Last Updated on Apr 6, 2021 by Manonmayi

There’s a thin line between owning a stake in a company and having the influential power over its management. And when the foreign entity owning a stake in a company belongs to a foreign country, the entire affair calls for scrutiny. That is why, we have a foreign direct investment policy in place, to govern and monitor investments flowing from foreign countries in India.

You may be familiar that the government made certain revisions to the FDI policy. Well, this announcement made on Saturday has received both appreciation and criticism from within and outside the country (China). Let us take a look at the revisions:

  1. Foreign direct investment policy, investments from countries that share borders with India can only flow into domestic companies after the government’s approval
  2. Approval from the government is also required when entities based out of China make changes in the existing or future ownership of their investments in Indian companies

Well, these only sound fair. But why has this simple piece of news created a massive fuss? We’ll tell you why and more around FDI in this article. Before understanding why China has raised a concern about the revision in FDI policy, let us understand what is FDI and the role it plays in an economy.

FDI meaning

FDI is investment flowing from foreign countries (individuals and companies) into domestic companies. But there’s a limit to the foreign investment to qualify as an FDI. That is, an investment is considered as an FDI only is the foreign company owns a stake equal to or greater than 10% in a domestic company. Conversely, if the investor holds less than 10% stake in a domestic company, it is not an FDI, but just an investment forming a part of their portfolio.

Now that you have understood the FDI meaning, learn about how foreign companies can invest in our country. In India, foreign direct investment is allowed in two ways:

  • Automatic mode, where the foreign company doesn’t require government’s approval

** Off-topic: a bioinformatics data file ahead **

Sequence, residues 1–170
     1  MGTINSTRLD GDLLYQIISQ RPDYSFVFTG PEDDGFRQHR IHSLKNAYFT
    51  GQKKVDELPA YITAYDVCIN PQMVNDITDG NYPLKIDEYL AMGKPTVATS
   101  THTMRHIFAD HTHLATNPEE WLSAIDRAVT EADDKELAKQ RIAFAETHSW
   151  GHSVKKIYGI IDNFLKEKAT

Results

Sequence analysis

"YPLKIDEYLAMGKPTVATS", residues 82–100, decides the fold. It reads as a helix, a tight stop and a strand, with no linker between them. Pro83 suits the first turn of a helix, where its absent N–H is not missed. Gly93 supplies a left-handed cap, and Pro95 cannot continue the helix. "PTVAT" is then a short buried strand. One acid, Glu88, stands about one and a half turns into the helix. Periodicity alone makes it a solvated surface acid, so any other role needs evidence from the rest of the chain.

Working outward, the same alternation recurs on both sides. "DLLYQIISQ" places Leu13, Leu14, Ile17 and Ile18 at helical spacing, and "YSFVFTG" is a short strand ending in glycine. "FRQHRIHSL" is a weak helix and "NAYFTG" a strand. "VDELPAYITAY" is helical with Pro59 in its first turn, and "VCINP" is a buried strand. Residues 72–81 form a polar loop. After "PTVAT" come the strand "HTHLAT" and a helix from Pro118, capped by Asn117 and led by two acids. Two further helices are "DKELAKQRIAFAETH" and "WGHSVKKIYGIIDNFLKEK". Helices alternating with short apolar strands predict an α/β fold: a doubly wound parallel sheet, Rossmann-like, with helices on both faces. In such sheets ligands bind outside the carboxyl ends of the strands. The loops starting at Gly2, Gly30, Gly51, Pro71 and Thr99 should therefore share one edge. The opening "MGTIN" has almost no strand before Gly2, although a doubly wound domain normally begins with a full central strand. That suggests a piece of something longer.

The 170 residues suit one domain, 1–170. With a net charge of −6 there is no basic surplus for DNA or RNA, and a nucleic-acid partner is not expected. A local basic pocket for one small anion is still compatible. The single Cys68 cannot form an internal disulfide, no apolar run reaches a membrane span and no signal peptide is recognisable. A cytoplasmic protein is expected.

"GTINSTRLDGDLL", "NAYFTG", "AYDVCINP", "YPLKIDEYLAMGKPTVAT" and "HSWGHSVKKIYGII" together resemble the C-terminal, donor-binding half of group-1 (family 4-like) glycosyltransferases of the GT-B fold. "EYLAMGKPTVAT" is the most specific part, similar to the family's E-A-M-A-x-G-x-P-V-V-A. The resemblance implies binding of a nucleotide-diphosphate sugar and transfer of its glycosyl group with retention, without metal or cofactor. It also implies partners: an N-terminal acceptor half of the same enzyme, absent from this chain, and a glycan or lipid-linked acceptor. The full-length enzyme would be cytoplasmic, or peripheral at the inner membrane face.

• Government mode, where the foreign company has to get the government’s nod

The role of foreign direct investment in the Indian economy

India, being a developing economy could use some foreign investments in India to fuel its growth. Not only does the FDI boost the business receiving funds, but it also fuels the economy. Here’s how:

  • FDI opens doors to many possibilities. Apart from funds, the domestic company can also benefit from technological, legal, and other expertise that the MNC has to offer
  • Economy-wise, FDIs boost business in various sectors, which, in turn, generate employment opportunities and improves the standard of living in the domestic country

You can read more about FDI here.

What was the FDI policy before the revision?

Previously, only companies belonging to Pakistan and Bangladesh were required to seek the government’s approval before investing in Indian companies. Others foreign investors were allowed to invest in the country via the automatic route. However, such FDIs were not free from conditions. The government required them to conform to sectoral rules and caps before investing.

Now let us delve into the matter.

Why did the government revise the FDI policy for neighbouring countries?

As per the government, the revision in the FDI policy was crucial to protect domestic companies from opportunistic takeovers and acquisitions due to coronavirus (COVID-19) pandemic. It’s not like our economy is all well. It is hit by the coronavirus, which has stressed businesses, small and big, alike. Unable to run the business seamlessly, these cash-strapped entities would but naturally look for financial resources including investments.